Dogs are the same. When they are at home as opposed to an unfamiliar location, they are much more relaxed and their sleeping habits shift. Researchers in Hungary wanted to know if wolves’ sleep patterns were affected by living in a protected environment, so they set out to find out. They discovered some notable variations.
In non-invasive comparative and translational cognitive neuroscience, including sleep research, dogs have emerged as a key model animal, says study author Vivien Reicher, a Ph.D. candidate at the Ethology Department of Eötvös Loránd University in Hungary, according to Treehugger.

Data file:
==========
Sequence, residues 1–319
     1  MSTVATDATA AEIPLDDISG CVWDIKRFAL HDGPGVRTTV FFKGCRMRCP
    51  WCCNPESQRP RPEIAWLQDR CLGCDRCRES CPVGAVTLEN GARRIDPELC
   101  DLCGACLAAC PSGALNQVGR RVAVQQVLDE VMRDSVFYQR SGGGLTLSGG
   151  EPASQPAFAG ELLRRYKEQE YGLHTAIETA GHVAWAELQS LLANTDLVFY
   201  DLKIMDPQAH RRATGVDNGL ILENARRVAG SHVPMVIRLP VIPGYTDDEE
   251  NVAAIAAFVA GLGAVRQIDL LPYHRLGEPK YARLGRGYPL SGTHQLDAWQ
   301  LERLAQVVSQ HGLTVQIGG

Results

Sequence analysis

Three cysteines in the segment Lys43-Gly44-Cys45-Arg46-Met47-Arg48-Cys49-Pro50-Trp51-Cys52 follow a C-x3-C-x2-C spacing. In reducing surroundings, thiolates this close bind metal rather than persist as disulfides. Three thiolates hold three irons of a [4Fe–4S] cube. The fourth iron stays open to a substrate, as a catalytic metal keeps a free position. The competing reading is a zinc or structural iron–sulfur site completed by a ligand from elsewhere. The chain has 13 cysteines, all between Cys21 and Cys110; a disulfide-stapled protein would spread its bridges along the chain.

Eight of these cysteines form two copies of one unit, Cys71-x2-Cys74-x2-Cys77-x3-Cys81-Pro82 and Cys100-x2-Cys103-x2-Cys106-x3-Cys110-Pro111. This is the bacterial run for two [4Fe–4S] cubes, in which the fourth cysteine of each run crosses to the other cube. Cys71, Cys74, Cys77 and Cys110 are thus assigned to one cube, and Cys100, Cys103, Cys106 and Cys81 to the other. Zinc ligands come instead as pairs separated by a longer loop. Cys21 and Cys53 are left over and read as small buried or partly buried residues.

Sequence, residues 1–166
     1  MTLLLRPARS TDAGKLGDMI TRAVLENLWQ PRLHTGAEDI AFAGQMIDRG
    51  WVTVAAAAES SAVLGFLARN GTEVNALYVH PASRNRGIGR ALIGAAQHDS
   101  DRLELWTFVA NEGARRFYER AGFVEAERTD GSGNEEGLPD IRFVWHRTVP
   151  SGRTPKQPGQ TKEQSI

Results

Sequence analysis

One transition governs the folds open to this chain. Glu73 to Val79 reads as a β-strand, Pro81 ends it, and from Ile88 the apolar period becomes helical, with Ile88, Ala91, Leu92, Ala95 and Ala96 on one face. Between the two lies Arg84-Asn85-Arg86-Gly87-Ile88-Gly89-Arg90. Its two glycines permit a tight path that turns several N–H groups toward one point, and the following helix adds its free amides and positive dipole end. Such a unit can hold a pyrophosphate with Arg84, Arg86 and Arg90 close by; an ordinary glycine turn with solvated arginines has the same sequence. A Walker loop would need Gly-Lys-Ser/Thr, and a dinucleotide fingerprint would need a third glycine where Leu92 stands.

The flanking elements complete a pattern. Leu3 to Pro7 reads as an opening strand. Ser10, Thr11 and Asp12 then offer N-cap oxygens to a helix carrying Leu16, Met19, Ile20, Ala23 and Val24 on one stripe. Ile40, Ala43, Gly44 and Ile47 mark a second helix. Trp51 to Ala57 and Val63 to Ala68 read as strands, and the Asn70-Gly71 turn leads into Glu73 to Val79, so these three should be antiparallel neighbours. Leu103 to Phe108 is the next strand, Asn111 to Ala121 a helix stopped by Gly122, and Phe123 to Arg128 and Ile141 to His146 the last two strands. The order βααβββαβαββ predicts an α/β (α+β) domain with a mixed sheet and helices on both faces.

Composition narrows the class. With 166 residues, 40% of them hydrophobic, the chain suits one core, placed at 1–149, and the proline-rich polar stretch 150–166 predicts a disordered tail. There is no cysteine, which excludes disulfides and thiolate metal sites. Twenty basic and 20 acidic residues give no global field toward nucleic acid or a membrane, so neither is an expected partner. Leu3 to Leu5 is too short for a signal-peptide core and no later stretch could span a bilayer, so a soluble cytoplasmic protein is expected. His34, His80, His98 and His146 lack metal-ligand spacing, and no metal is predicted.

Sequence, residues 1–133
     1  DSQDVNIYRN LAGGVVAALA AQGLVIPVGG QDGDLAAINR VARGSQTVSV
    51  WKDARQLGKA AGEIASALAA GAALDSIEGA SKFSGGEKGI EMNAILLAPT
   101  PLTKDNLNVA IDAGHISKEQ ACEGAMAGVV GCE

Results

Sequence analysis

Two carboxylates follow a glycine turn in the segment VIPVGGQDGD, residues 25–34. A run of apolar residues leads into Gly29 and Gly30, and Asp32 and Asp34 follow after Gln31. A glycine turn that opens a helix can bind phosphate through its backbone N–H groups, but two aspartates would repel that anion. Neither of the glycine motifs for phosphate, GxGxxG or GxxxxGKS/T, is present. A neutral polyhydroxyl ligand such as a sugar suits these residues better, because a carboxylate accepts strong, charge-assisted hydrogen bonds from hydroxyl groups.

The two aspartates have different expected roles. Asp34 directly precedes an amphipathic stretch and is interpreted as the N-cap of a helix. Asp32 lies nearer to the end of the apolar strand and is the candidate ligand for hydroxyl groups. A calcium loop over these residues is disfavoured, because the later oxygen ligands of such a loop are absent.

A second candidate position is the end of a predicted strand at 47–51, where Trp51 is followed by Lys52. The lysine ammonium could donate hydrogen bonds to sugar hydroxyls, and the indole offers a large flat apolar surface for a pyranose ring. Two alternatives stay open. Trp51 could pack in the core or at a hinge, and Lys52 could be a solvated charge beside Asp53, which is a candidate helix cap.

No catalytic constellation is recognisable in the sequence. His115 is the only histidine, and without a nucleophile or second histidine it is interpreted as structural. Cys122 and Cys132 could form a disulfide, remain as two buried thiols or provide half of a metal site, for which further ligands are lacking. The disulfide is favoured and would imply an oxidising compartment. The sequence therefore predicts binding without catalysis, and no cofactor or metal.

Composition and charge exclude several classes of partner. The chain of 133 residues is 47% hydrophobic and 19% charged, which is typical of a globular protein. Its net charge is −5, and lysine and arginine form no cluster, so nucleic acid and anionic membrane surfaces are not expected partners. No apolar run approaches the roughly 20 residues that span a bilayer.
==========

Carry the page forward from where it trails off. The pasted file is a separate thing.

Comparing dogs’ sleep patterns to those of wolves, the dog’s closest wild relative, provides a unique opportunity to better understand the effects of domestication and cohabitation with humans on sleep phenotypes and physiology. This is because dogs and humans have a shared evolutionary history and social environment.
The researchers add that because sleep is influenced by a variety of factors, such as physiological requirements and evolutionary history, it may differ between species.
Animal sleep research, according to Reicher, “helps us better understand the core and more species-specific functions of sleep and the factors impacting them.”